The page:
This is something many of us have experienced. In fact, one poll of 2,000 adults found that more than eight in 10 participants had struggled with severe fatigue after a long-haul flight.[3]

But there are also other contributing factors that have a part to play in determining the severity of your jet lag, as highlighted by recent research.

Research by the University of Surrey explored the link between jet lag and eating times

A study from the School of Psychology at the University of Surrey has looked into any possible connection between mealtimes and the likelihood of experiencing jet lag after travelling. In the study, 60 long-haul crew members were divided into two groups.

The first set of participants followed a regular meal plan on their days off following a long flight, while the second group had no plan for regular meals. The results found that sticking to a regular mealtime schedule played a significant role in helping the crew members adapt their circadian rhythms during their days off.[4]

Author of the study, Dr Cristina Ruscitto, discussed these results further, saying:

“Many crew tend to rely on sleep rather than earing strategies to alleviate symptoms of jet lag, but this study has shown the crucial role meal times can indeed play in resetting the body clock.”[5]

How to deal with jet lag effectively

Mealtimes aren’t the only outside factors to play a role in either worsening or lessening the impact of changing time-zones. The direction of travel, natural light levels, caffeine intake and alcohol all have a part to play in determining just how severe your experience of jet lag will be.[6]

Jet lag can be worsened by factors like stress, discomfort and air pressure. All of these factors can occur while flying, meaning that moving time zones via a plane can lead to a significant risk of jet lag.[7]

Medication is one of the main ways to effectively combat jet lag while travelling. A poll by NSF found that 15% of respondents used either a prescription medication and/or over the counter sleep aids. These were found to be an effective way to manage the short-term insomnia brought on by travel.[8]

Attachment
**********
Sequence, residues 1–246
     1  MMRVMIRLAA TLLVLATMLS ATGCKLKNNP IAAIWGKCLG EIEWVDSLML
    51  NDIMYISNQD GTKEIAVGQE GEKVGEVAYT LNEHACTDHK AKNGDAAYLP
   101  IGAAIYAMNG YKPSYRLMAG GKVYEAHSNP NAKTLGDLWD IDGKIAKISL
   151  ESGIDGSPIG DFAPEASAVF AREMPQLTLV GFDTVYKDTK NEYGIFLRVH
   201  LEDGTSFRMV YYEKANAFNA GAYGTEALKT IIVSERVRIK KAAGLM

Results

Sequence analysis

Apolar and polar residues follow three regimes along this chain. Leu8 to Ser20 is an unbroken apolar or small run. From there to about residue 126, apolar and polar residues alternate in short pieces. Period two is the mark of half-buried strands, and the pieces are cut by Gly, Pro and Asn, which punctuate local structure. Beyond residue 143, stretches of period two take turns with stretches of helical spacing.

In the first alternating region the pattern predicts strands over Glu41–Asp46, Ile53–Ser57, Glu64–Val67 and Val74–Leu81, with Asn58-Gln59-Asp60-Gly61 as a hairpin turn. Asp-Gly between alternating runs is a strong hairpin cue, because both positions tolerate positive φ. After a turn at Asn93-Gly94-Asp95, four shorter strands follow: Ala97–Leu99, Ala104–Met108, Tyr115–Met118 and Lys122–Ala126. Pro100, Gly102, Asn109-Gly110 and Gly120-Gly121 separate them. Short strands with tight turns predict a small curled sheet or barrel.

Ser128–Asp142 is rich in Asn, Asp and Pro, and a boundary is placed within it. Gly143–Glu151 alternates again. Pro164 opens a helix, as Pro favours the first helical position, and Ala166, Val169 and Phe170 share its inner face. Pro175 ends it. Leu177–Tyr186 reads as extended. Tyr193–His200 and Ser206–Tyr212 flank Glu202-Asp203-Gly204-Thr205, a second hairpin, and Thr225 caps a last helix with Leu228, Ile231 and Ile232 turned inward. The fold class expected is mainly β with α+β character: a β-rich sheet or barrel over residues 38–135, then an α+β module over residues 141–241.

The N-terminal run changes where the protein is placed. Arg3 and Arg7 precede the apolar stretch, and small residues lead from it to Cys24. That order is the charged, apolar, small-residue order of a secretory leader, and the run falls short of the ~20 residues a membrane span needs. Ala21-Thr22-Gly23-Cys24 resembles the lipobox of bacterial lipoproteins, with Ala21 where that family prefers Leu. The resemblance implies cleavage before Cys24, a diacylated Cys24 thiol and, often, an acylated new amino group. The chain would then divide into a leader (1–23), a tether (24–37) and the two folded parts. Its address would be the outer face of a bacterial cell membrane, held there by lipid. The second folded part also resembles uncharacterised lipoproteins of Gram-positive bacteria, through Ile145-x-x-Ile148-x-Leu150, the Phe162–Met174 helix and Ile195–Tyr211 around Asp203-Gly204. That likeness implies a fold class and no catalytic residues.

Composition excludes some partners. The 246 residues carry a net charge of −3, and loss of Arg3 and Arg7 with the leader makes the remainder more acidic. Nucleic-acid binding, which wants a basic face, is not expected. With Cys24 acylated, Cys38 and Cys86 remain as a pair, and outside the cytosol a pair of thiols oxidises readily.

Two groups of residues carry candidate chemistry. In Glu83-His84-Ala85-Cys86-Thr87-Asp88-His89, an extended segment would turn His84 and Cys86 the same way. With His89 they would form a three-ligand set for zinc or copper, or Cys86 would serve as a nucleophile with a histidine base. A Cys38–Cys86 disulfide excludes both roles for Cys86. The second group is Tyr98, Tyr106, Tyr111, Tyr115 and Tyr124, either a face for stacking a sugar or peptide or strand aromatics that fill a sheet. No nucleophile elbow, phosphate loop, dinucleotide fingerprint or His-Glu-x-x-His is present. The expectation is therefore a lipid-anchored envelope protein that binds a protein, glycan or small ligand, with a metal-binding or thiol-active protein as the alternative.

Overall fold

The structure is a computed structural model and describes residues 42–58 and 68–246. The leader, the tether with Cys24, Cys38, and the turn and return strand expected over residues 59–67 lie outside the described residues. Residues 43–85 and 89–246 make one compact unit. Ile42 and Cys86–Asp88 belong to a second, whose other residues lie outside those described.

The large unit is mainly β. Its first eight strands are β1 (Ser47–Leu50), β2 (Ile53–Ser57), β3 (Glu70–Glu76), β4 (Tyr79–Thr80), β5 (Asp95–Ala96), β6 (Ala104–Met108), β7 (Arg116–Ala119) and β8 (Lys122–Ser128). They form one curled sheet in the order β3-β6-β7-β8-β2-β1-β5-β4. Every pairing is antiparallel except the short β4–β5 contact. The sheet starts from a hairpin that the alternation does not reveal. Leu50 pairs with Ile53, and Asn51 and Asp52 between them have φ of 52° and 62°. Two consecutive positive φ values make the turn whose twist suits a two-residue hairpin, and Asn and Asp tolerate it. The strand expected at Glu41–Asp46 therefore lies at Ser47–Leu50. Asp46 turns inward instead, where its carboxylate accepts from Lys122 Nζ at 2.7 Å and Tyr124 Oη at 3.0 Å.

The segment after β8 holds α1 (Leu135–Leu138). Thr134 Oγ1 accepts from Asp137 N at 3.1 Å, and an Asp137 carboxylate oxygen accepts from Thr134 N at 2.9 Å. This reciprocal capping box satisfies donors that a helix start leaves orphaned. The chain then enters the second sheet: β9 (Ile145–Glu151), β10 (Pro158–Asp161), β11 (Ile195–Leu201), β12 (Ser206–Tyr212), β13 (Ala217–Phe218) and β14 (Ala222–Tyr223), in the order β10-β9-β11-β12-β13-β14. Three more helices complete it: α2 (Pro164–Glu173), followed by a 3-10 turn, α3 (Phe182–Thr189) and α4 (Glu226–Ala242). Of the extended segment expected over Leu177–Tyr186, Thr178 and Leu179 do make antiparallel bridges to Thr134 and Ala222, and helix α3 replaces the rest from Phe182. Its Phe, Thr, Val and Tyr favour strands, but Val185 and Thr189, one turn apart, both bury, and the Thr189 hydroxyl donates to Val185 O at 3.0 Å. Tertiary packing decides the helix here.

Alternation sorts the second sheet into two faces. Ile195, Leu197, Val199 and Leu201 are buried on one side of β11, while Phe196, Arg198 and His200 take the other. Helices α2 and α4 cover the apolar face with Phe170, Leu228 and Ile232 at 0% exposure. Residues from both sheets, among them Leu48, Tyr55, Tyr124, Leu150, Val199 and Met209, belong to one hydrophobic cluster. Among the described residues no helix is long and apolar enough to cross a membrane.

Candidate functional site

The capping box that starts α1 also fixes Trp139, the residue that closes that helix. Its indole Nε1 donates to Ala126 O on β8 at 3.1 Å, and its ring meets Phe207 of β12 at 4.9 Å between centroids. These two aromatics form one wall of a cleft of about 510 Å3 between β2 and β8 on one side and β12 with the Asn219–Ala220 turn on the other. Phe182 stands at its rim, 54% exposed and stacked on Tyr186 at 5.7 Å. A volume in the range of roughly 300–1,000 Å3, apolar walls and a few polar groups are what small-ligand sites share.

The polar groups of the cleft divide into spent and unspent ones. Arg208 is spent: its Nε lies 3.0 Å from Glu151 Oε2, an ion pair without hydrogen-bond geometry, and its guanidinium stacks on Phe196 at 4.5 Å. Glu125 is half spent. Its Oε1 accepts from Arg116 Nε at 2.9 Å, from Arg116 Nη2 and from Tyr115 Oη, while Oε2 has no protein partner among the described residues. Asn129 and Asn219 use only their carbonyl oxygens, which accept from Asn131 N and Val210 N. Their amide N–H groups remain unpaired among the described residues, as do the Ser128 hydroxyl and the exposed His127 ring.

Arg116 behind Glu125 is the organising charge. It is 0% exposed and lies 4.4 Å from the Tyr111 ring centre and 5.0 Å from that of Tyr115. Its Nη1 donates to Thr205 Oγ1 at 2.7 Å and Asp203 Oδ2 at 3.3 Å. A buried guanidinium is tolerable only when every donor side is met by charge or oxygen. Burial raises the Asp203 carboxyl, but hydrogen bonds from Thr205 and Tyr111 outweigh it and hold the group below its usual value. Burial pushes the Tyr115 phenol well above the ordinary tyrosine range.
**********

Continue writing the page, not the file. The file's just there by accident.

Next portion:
Treatment such as Circadin can help to regulate your body’s production of melatonin – our natural sleep hormone. This will help you feel more tired when night falls, aiding your body clock in its adjustment.

You can find safe and effective treatment for jet lag here at Express Pharmacy, such as Circadin. And if you have any questions for our pharmacists, don’t hesitate to get in touch. Call us on 0208 123 07 03 or use our discreet Live Chat service.

[1] NHS UK. Jet lag. 2017

[2] British Airways. Jet lag advisor. 2019

[3] Elsworthy, E. How to avoid jet lag before, during and after a flight. The Independent. 2018

[4] La, P. Jet-lag is given the swerve by adjusting meal times on the ground, find researchers. University of Surrey. 2016

[5] Ruscitto, C. PhD. accessed via La, P. 2006

[6] American Sleep Association. Jet lag treatment, recovery and symptoms. 2019

[7] Sleep Education. Jet Lag – Overview. 2019

[8] NSF. Sleep in America Poll. 2002., accessed via: National Sleep Foundation. Jet lag and sleep. 2012

Leave a Comment

The Ultimate Guide to Holiday Vaccinations

Posted Thursday 06 June 2019 12:51 by in Express Pharmacy by Harman Bhamra

vaccinations

Heading off to a foreign destination can be both an exciting and daunting experience. While so much adventure lies ahead, it is perfectly normal to feel overwhelmed by all of the preparation which needs to take place before you jet off. However, once everything is set and ready to go, you get to reap all of the benefits that come from travelling, without a single worry in the world!

Unfortunately, heading off abroad means that your body may become victim to some nasty diseases. These diseases are likely to leave you feeling very unwell and may even mean you have to cut your travels short. Although a scary thought, these diseases are simple to avoid, thanks to vaccinations.

Vaccines Needed Around The World

You won’t need to get a vaccination for every country you travel to, but it’s worth checking what is recommended in your specific location before it’s too late. To make things easier for you, you can use the map below to establish whether the country you are travelling to is at high risk of disease.

As you can see, places residing in South Asia and Africa are at the highest risk of disease. Shockingly, up to ten jabs are required if you’re travelling to Ethiopia, Nigeria and Pakistan - to name a few. Did you know that so many were needed?

With so many countries being at both medium and high risk, it’s clear to see just how important it is to get the correct vaccinations. Even some of the most popular travel destinations require vaccinations for safe travels, including Mexico, Greece and South Africa. It’s worth noting that the recommendation levels might be lower in some of these popular destinations, but it’s always better to be safe than sorry.